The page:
Keywords: Redistribution, Survey, Perceptions, Immigration, Inequality, Online Experiment. JEL classification: D72, D91, H2, H23, H41.
    Date: 2022–12
  7. By: Berggren, Niclas (Research Institute of Industrial Economics (IFN)); Ljunge, Martin (Research Institute of Industrial Economics (IFN)); Nilsson, Therese (Research Institute of Industrial Economics (IFN))
    Abstract: We highlight a new factor behind integration: tolerance in the immigrants’ background culture. We hypothesize that it is easier to partake of economic, civic-political, and social life in a new country for a person stemming from a culture that embodies tolerance towards people who are different. We test this by applying the epidemiological method, using a tolerance index based on two indicators from the World Values Survey – the share that thinks it important to teach children tolerance and the share that considers homosexuality justified – as our main independent variable. Our outcomes are indices of individual-level economic, civic-political, and cultural integration outcomes for immigrants of the second generation with data from the European Social Survey. The results indicate that tolerance in the background culture is a robust predictor of integration among children of immigrants in European societies.
    Keywords: Tolerance; Culture; Immigration; Integration; Values
    JEL: F22 F66 J15 Z13 Z18
    Date: 2022–12–09
  8. By: Aysegul Kayaoglu (Istanbul Technical University); Zeynep Sahin Mencutek (Bonn International Centre for Conflict Studies); Ching-An Chang (National Chengchi University)
    Abstract: Refugee entrepreneurship is key to promoting self-reliance and resilience among refugees. It ensures a smoother transition from humanitarian to development programs, so it is considered mutually beneficial for the refugees, their hosts, and the overall humanitarian-development aid sector. Its success, however, relies on the development of multidimensional resilience strategies since refugee entrepreneurship is a complex phenomenon related to capabilities and structures for integration. Little is known about the resilience strategies of urban refugee entrepreneurs in the face of legal, economic, and sociocultural challenges; therefore, they should be addressed. Studying the case of Syrian refugees in Turkey, we show that urban refugee entrepreneurs are heterogenous and their resilience strategies depend on factors such as the size of their businesses, sectoral dynamics, access to financial markets, trade options, social acceptance in the host society, local economic structure, and costs of production. Our empirical analysis shows that they navigate these challenges by adopting certain strategies according to their capabilities.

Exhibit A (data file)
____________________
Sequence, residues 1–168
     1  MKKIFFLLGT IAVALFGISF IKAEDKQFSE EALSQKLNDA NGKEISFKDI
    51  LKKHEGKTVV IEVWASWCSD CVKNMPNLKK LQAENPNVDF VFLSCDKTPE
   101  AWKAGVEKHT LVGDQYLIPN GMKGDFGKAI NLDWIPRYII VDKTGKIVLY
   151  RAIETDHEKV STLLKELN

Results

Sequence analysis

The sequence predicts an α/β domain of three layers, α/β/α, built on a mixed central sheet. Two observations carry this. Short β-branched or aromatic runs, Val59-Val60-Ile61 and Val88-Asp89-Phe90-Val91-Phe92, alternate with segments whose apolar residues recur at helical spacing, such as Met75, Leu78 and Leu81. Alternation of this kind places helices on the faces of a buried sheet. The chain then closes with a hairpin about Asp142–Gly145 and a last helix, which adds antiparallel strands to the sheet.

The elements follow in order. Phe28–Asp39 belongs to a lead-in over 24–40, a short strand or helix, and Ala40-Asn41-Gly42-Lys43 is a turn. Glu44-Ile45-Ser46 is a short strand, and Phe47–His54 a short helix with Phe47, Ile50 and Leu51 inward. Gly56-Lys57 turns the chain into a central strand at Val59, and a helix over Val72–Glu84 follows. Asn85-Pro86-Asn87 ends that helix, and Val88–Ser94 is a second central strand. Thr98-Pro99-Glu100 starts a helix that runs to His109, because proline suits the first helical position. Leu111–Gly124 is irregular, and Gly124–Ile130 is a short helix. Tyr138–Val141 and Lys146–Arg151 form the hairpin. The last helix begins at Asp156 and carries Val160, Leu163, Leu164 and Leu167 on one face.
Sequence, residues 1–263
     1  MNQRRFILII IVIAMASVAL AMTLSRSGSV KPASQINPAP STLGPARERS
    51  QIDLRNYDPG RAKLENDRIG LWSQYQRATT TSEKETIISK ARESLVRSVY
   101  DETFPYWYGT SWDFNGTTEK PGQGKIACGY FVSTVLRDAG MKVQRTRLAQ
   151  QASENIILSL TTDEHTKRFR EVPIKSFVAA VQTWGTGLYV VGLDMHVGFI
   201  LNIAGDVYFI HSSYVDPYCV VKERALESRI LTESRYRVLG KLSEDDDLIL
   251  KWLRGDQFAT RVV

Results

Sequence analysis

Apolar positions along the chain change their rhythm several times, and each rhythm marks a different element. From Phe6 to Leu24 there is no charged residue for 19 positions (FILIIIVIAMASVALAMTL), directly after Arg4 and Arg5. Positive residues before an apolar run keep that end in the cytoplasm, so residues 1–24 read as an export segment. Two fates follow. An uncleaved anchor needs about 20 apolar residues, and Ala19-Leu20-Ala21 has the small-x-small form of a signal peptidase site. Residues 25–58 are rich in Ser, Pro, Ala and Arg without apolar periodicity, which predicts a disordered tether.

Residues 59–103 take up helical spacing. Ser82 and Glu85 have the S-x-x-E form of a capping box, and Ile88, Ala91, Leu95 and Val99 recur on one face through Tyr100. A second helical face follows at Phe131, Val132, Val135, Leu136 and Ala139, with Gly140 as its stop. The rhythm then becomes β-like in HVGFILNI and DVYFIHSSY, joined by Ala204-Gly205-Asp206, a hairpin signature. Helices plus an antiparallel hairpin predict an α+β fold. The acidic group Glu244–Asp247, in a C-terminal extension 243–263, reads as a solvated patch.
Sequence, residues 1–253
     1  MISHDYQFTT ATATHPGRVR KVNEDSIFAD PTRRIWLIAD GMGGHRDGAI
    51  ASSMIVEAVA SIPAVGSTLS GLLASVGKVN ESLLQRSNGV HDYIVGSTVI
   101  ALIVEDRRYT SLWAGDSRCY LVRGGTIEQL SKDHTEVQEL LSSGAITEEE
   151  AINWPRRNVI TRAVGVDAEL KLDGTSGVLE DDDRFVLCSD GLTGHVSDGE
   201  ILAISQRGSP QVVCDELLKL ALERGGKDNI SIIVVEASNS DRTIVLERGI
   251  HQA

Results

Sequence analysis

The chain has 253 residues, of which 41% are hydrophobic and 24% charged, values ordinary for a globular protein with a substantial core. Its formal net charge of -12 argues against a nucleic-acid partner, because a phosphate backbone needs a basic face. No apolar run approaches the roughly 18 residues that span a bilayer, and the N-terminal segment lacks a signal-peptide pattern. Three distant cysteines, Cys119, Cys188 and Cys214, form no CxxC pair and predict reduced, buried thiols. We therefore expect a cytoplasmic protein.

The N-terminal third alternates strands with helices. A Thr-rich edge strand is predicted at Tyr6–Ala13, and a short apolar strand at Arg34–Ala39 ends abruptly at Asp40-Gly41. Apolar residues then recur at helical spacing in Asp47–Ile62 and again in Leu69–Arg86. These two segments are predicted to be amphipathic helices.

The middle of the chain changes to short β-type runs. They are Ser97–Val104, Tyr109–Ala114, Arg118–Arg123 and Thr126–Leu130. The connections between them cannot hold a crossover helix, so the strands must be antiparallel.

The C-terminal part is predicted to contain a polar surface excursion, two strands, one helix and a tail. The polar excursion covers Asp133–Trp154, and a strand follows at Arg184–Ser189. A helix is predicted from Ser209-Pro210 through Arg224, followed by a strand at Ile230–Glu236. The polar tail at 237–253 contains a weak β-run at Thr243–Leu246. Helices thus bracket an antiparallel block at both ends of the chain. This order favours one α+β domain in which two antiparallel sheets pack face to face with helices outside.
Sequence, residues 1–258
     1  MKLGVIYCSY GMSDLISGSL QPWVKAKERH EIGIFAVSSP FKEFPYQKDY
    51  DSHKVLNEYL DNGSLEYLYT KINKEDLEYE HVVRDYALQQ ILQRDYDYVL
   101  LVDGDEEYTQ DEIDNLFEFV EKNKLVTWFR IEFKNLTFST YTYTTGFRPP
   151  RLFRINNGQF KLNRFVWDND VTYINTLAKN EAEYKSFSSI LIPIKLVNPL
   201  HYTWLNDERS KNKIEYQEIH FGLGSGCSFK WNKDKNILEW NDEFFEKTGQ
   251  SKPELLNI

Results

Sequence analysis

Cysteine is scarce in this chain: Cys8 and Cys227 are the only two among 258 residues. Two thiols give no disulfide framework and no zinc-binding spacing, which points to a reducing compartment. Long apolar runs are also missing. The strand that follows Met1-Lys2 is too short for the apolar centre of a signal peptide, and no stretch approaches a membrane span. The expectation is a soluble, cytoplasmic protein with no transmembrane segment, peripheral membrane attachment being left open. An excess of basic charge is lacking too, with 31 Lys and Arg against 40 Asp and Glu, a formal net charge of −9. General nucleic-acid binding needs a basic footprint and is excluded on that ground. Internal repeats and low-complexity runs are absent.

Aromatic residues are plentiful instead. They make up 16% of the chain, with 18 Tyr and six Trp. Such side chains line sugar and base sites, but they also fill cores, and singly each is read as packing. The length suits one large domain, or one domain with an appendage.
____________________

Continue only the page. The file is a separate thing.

Date: 2022–11–20
  9. By: Angela C. Lyons (University of Illinois at Urbana-Champaign); Josephine Kass-Hanna (University of Beirut); Alejandro Montoya Castano (University of Illinois at Urbana-Champaign)
    Abstract: This study uses vulnerability assessment data collected by the UNHCR, WFP, and UNICEF from Syrian refugees in Lebanon, a country that hosts an estimated 1.5 million refugees from neighboring Syria and the highest per capita proportion of refugees in the world. The data are used to construct a multidimensional livelihood index (MLI) to identify refugee households who are currently poor. The MLI is then used to assess households’ vulnerability to future poverty using a 3-stage Feasible Generalized Least Squares (FGLS) model. Our findings support the view that poverty is a dynamic phenomenon and not a static condition. The analysis allows us to identify more clearly which households and geographical locations are more vulnerable to experiencing prolonged poverty. This study is among the first to adapt the multidimensional poverty framework to the context of protracted forced displacement. It does this using a forward-looking approach to identify who, where, and how to target humanitarian assistance and development interventions more optimally, to prevent rather than simply alleviate immediate poverty
    Date: 2021–05–20
  10. By: Ingwersen, Kai (Leibniz University of Hannover); Thomsen, Stephan L. (Leibniz University of Hannover)